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Fission Hypothesis of Binary Star Formation

Whitworth's (1981) Isothermal Free-Energy Surface
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Figure 1
Droplet Fission

YouTube video:
Skylab Drop Dynamics Experiment (1975)

Figure 2
Theoretical Model
Brown & Scriven (1980)
(Journal of Fluid Mechanics, 276, 389)

Figure 4
USML-1 Experiment
Wang, Anilkumar, Lee & Lin (1994)
(Proc. Roy. Soc. London, 371, 331)

Figure 3
Hachisu & Eriguchi scenario
Hachisu & Eriguchi (1984)
(Astrophysics and Space Science, 99, 71)

Related Discussions

Fission in Nuclear Physics

The nuclear physics community also draws an analogy between the fission of a rotating fluid drop and the spontaneous fission of atomic nuclei; see, for example, the figure associated with the Wikipedia discussion of the energetics of nuclear fission.

Drop Dynamics Experiments

[On 1 January 2014, J. E. Tohline wrote ...] As I was putting this chapter together, I had difficulty documenting the various drop dynamics experiments that have been conducted by astronauts in various Earth-orbiting (zero g) environments. Here is the relevant information that I have found, to date:

  • Skylab (circa 1973-1974): Experiments showing the fission of liquid drops were evidently conducted during the Skylab 2, Skylab 3, and Skylab 4 missions.
    • As has been documented in a short film review written by Howard Voss and published in the American Journal of Physics (44/10, 1021, Oct 1976), film footage from a variety of Skylab experiments was produced by NASA, edited by Thomas Campbell & Robert Fuller, and, beginning in 1976, distributed as 12 Super 8 film loops by the American Association of Physics Teachers (AAPT).
    • As is documented in A Teacher's Guide for the Skylab Physics Videodisc the content of all 12 Super 8 film loops was made available for distribution in Videodisc format in 1987 through the AAPT.
    • The YouTube video referenced in and linked to the caption of Figure 1, above, is the digitized version of the Skylab film loop that illustrates fission of a water droplet.
    • Wang, Trinh, Croonquist, and Elleman (1986; Physical Review Letters, 56, 452) report results from a controlled drop dynamics experiment that was conducted during the "Spacelab III mission" (see the final acknowledgement paragraph of their paper). Presumably they meant to say "Skylab III," which, according to NASA's historical accounting, was officially designated "Skylab 4" involving the THIRD TEAM of astronauts identified below. It is interesting to note that Wang et al. (1986) do not mention any of these astronauts by name in their published acknowledgements.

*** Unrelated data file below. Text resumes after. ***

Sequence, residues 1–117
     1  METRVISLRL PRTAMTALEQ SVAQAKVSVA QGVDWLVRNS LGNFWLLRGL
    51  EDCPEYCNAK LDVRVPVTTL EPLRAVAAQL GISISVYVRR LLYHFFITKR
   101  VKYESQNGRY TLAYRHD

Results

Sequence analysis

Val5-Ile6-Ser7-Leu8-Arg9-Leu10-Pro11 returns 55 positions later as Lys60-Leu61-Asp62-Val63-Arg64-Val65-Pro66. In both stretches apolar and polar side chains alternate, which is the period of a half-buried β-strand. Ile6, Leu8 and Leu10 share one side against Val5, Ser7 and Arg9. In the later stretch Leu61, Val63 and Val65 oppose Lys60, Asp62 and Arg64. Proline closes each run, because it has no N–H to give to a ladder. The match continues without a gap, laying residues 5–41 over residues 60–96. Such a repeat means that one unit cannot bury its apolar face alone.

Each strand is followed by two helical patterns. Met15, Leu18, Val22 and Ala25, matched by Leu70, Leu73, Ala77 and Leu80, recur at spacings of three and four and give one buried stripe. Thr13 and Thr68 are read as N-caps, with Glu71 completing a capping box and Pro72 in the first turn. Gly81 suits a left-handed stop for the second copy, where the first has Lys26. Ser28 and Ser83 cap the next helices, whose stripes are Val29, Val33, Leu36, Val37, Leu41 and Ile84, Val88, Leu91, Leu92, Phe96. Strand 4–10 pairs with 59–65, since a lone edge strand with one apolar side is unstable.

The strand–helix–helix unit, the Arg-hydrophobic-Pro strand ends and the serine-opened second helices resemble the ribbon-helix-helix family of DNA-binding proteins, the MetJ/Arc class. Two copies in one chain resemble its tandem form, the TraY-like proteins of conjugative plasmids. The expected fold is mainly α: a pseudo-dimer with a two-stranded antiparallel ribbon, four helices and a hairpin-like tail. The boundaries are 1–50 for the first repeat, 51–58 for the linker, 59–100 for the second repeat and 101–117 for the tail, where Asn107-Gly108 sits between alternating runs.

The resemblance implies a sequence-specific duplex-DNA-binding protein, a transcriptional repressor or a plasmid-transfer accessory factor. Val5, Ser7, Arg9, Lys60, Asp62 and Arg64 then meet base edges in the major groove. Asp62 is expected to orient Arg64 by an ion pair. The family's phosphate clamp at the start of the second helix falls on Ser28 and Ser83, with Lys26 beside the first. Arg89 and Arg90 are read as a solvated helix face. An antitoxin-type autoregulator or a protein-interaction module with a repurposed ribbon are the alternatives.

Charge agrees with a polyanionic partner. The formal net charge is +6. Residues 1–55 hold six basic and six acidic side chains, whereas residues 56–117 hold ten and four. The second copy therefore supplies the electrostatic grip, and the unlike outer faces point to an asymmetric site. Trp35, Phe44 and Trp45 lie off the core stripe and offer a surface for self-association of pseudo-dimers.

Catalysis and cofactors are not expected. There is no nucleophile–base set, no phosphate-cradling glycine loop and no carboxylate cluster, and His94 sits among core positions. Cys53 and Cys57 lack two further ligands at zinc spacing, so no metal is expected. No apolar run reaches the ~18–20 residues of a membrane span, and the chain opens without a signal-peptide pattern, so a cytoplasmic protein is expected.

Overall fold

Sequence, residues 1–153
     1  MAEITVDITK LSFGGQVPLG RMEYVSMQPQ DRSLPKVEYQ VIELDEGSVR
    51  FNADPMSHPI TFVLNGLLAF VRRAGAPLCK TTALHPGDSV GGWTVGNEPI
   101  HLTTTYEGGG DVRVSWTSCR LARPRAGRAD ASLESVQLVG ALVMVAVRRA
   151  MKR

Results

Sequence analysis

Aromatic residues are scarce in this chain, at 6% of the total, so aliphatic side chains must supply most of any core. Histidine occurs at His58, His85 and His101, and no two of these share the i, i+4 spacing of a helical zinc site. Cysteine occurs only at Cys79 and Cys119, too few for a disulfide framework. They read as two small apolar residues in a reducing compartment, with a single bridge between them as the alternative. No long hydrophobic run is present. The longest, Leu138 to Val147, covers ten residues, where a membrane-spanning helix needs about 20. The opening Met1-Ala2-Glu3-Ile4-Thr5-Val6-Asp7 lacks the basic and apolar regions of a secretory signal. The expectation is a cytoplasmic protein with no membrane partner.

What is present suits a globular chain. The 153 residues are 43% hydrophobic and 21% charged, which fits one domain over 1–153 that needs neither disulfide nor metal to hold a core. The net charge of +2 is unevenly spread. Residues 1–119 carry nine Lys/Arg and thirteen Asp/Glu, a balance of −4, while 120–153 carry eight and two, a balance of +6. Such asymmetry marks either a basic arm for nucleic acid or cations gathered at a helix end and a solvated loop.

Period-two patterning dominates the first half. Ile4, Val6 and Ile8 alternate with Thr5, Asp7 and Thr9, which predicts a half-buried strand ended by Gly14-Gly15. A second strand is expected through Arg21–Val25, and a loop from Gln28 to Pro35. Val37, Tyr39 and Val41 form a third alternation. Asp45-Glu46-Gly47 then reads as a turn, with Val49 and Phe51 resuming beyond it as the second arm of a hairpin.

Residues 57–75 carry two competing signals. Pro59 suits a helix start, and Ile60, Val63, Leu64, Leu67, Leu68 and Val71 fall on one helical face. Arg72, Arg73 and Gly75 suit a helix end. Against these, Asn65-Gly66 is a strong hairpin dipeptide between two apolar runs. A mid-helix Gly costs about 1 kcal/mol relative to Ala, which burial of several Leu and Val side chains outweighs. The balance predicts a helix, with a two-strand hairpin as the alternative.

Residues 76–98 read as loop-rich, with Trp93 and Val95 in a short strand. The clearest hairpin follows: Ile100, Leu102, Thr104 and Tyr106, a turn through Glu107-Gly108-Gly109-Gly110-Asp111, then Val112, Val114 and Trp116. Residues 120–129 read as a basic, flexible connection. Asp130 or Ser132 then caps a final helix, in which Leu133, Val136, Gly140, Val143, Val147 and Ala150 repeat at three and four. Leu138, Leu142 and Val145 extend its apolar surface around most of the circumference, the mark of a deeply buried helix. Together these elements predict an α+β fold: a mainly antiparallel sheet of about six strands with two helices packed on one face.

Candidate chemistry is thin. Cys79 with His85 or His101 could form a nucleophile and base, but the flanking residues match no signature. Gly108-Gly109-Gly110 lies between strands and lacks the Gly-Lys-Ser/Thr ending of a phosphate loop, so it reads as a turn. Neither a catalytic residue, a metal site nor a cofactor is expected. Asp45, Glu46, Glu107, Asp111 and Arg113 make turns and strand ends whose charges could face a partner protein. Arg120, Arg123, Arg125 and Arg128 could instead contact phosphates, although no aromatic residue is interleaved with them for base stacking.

According to the Teacher's Guide mentioned above, the activities shown in the above-referenced films were carried out by three teams of Skylab Astronauts:

Skylab Astronauts

Kerwin blows water droplet from a straw

Skylab 2 (First Team)

  • Space Shuttle Flights (circa 1992): Experiments illustrating the dynamical behavior of liquid drops were evidently also conducted during a couple of space shuttle missions. The experiments were performed with the aid of a "Drop Physics Module (DPM)" inside the "portable" United States Microgravity Laboratory (USML) that was housed in the shuttle's payload bay.
    • USML-1 Droplet Fission
      The first mission — USML-1 during shuttle flight STS-50 — took place in early 1992. According to information provided by NASA/JPL's public information office, "… the transition of rotating liquid drops into a 'dog-bone,' or two-lobed shape, was studied in detail …" Detailed results from DPM experiments during the USML-1 mission have been published in the Journal of Fluid Mechanics: T. G. Wang, A. V. Anilkumar, C. P. Lee and K. C. Lin (1994). Bifurcation of rotating liquid drops: results from USML-1 experiments in Space. Journal of Fluid Mechanics, 276, pp 389-403
    • I think that the three-frame black & white image shown here on the right presents a result from mission USML-1. That is how this image is referenced in an online discussion of fission that I put together about a decade ago.
    • The second mission — USML-2 during shuttle flight STS-73 — took place in the fall of 1995. It does not appear as though the fission of liquid drops was an element of these USML-2 DPM experiments.
  • International Space Station (circa 2000):
    • See the two "Gallery of Fluid Motions" mpg movies that accompany the preprint by Ueno et al. (2012).

Online References

Whitworth's (1981) Isothermal Free-Energy Surface

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Recommended citation:   Tohline, Joel E. (2021), The Structure, Stability, & Dynamics of Self-Gravitating Fluids, a (MediaWiki-based) publication,

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